Against the Bears, the Broncos flunked the midterm and aced the final
Oct 3, 2023, 10:09 PM | Updated: Oct 4, 2023, 2:43 am
(Photo by Michael Reaves/Getty Images)
For the better part of three quarters in Chicago last Sunday, it looked as if the Broncos were headed for another poor day.
Oh, maybe not to the degree of last week, which resulted in a desperate long-time chronicler of the team’s travails seeking out a new grading scale that went down to “Z” to describe a defensive performance that was, by multiple standards, the worst for any NFL team since the Johnson administration. (Fortunately, it was Lyndon — not Andrew.)
But the Broncos might have ended up with Fs across the board if matters had worsened after falling behind 28-7. Instead, the Broncos had their biggest comeback win in nearly 11 years.
The Broncos ultimately put out the fire. But how much credit do they deserve — when in many ways, they lit the match themselves with self-inflicted wounds?
OVERALL GRADE: B
After three weeks of describing second-half fades, this time the Broncos surged after halftime — although once again, they did roar to a first-quarter touchdown, showing that their touch on openers remains magical.
The offense also averaged 3.0 points per non-kneeldown possession. It’s the third time in four games that the Broncos have reached at least 3 PPP. That will put you where you want to be more often than not.
But five false starts in a game? That is unsustainable and shows that plenty of little things need to be fixed.
Russell Wilson is on point. The protection was improved from previous weeks, and it looks as if the offensive line is finding its form — after the snap, of course.
The Broncos need to find more opportunities for Marvin Mims Jr. The 17 snaps he played Sunday were a season- and career-high for the rookie. But that still represents just 35 percent of the possible repetitions. Brandon Johnson also checked in at that percentage, and he caught his second touchdown pass of the season.
Cecil Lammey and I have been telling y’all about Jaleel McLaughlin for months. Shoot, I asked Payton about the Youngstown State product early in camp, before the true picture began to emerge. He processes preternaturally; his vision becomes reaction in a split-second. But he’s also learning how to be patient when the moment requires it.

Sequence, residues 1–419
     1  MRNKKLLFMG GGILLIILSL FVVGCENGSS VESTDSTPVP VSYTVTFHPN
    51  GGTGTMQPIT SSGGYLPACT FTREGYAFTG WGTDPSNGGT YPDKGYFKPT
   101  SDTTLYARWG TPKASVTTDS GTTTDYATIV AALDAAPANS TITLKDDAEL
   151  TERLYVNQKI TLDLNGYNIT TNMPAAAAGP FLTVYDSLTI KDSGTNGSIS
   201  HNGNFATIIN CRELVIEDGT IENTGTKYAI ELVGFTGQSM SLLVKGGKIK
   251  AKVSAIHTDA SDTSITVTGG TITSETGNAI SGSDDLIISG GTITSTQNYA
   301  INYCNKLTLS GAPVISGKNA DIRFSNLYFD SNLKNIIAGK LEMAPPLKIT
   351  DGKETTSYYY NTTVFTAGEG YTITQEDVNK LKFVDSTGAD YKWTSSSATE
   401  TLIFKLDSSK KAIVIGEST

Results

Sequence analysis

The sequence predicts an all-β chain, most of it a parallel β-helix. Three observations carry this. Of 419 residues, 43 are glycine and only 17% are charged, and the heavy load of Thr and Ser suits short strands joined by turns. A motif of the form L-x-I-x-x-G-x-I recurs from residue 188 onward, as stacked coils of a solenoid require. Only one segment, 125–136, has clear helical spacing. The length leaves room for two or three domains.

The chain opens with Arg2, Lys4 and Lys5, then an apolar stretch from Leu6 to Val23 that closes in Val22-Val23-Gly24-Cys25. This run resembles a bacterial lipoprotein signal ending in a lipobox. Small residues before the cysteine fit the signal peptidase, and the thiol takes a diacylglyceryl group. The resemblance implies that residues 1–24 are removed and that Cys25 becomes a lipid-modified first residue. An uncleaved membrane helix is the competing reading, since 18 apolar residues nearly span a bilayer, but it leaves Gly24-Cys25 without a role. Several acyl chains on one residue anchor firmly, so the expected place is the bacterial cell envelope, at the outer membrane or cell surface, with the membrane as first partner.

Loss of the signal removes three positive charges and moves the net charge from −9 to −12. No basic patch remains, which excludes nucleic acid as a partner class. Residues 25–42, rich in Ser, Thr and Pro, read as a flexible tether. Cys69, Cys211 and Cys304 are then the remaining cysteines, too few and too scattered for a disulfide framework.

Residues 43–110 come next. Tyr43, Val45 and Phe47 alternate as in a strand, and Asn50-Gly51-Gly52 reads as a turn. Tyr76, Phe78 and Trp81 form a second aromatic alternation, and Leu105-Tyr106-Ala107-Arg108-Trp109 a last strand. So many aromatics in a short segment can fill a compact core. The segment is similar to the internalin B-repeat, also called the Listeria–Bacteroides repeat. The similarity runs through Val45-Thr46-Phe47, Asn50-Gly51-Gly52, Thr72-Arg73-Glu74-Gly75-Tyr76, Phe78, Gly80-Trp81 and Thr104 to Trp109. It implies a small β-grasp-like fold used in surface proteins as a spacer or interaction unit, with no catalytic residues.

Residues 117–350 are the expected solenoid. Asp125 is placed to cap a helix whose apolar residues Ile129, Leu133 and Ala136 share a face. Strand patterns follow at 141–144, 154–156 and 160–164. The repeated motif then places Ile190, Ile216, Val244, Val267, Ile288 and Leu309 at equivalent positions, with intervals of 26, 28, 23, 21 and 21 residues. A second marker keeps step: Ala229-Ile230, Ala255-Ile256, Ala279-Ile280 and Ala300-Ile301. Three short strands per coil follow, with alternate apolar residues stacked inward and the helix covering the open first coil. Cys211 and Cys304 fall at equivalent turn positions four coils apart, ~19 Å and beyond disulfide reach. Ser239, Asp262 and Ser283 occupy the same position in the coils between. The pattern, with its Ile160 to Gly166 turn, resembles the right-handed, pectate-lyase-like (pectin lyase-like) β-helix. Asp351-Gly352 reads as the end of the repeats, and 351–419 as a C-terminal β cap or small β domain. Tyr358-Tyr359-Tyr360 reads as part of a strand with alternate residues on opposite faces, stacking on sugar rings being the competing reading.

Javonte Williams and Samaje Perine were minimal factors; they combined for 12 yards on 8 carries, with Williams limited because of a hip pointer.
OVERALL GRADE: C-minus
So here is the conundrum of such an exercise: Does one solid quarter of work outweigh the previous three substandard ones? And, specifically, do a handful of plays in the final 15 minutes make up for the failures that preceded them — and even some stretches in the fourth quarter where the Bears knifed through the Broncos?
Not entirely, but enough to earn a passing grade here. First of all, the Broncos’ success equation on defense might rely upon explosive plays to compensate for what appears to a problematic situation developing at the line of scrimmage, where the Broncos have been dominated in recent weeks.
PASSING DEFENSE: C-minus
Two plays redeemed the day, of course — Nik Bonitto’s sack-fumble of Justin Fields that resulted in Jonathon Cooper’s scoop-and-score, and then Kareem Jackson’s game-sealing interception. In between, D.J. Jones forced an intentional-grounding penalty which short-circuited the Bears final drive.
Ja’Quan McMillian didn’t represent a clear upgrade on Essang Bassey as he moved up to the nickel corner position, although his tackling was better. Meanwhile, teams continue to pick at Damarri Mathis. Four receptions came in his direction — the only four times he was targeted.
But there were too many open pass catchers throughout the game. Coverage busts were too frequent, including on Cole Kmet’s 22-yard touchdown catch in the second quarter, when he basically had an area the size of Millennium Park in which to catch Fields’ pass.
RUSHING DEFENSE: D
Here is where a justifiable concern remains. Denver’s front seven continues to struggle in this phase, while missed tackles are present at all three levels. Chicago’s running backs averaged over 5 yards per carry, and too many times were untouched racing through wide holes.
OVERALL GRADE: B-minus
The muffed kickoff return by Marvin Mims Jr. marred the day and kept the grade down. Riley Dixon was just OK; his hang times were decent and he dropped two punts inside the 20-yard line, but the placement and distance could have been better.
Wil Lutz was perfect, however. He hasn’t missed a placekick in the last three games. He appears to be back to his pre-injury form.